The new concept of pop-up weddings has been launched by a North-East company. Sarah Millington speaks to its founder, Faye Darcy

WHEN Faye Darcy first decided to start organising pop-up weddings, she was faced with two conflicting problems – as no-one had heard of them, she knew she had to explain the concept but if she did this, someone might steal her idea. Her solution was to approach a range of suppliers, but make them sign non-disclosure agreements.

Even then, she wasn’t convinced that she should pursue the quirky notion of pop-up weddings, which she had first encountered on a trip to Australia last year. Then she saw a magazine article on them and this gave her the push she needed.

“I was like, ‘No!’,” she laughs. “When I read on, it was talking about a company in New York. Then I thought, ‘the industry will start to look into it’, and that gave me a big kick up the backside.”

Prior to travelling to Australia, Faye, 24, who lives in North Tyneside, had been studying for a wedding and event planning qualification. She embarked on the trip following the deaths of her father and grandfather within five months of each other, deciding that life was too short not to live it to the full.

Though working wasn’t on the agenda, she discovered a thriving events planning industry and ended up employed as an intern by Bree Nicholls, who runs Gold Coast Pop-Up Weddings. She says the experience opened her eyes.

“She was a celebrant herself and worked for the Hilton and then she got onto the trend,” says Faye. “Over there it was a lot easier because they have the weather – we did a lot of weddings in parks and on beaches. Bree did the ceremony and the legals.”

Convinced that the idea could work here, Faye began Faye Darcy Pop-Up Weddings in May. The concept is simple – she books a venue and offers couples the choice of two-hour time slots. For less than £2,500, she provides a civil celebrant, a professional photographer with at least 150 digital images; ceremony styling, a bridal bouquet and button hole, a seven-inch cake and a champagne toast for the bride and groom – with the option to add in extras like a photo album.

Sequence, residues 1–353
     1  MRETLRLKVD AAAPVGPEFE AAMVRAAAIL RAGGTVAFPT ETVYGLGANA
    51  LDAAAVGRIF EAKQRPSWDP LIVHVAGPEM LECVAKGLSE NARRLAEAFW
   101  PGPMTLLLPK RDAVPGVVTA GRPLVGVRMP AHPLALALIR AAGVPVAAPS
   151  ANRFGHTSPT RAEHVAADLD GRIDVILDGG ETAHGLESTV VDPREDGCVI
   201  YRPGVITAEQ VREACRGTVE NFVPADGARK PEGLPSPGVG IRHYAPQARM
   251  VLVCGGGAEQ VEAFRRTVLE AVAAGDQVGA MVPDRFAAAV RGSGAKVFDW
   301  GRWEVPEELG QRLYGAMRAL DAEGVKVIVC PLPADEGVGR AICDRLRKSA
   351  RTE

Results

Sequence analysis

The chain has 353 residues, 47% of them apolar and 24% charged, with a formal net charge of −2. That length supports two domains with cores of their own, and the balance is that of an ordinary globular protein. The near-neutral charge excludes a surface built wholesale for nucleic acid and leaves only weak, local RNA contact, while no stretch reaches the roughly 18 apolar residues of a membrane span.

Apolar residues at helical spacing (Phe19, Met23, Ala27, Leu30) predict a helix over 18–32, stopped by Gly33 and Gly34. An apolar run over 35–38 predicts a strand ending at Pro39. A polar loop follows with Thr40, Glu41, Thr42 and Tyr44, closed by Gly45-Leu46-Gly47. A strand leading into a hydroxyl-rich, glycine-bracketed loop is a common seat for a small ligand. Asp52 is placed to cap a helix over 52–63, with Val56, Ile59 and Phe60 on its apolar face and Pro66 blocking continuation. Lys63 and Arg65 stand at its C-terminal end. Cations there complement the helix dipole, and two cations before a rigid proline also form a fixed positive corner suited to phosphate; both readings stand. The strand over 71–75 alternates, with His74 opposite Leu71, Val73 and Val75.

The beauty is the simplicity, with pop-up weddings ideal for same sex couples, second marriages and vow renewals, as well as those simply keen to avoid the normal hoopla. Faye feels there’s a trend towards this, with couples becoming jaded with the often overblown expectations.

“I always thought I’d have a big wedding, but really I wouldn’t,” she says. “The way things are, with student loans and the property ladder, a lot of people would rather spend £20,000 on the deposit for a house. Also, people don’t have time. On average, a wedding can take up to 200 hours of planning. For people who have full-time jobs and children, it can totally take over.

“I’ve spoken to so many people who’ve got so stressed about it, it’s sucked the enjoyment out. I think a lot of people end up doing things for other people, not themselves. When go you to wedding fairs and there are all the candy carts and photo booths, it can really get out of hand. It totally takes away from what it’s really about.”

Pop-up weddings, by contrast, are meant to be relaxed and can be entirely flexible. Faye encourages couples to get married in locations they wouldn’t normally consider – like a favourite restaurant or the park where they had their first date – and if they’re not licensed, they can easily call into the register office before or after.

It may be early days, but Faye is already thinking ahead. “I’d like to have teams of suppliers in all the major cities – that’s the bigger picture,” she says. “At the moment, it’s just finding ways of getting it out there and generating that interest.”

For more information, see the website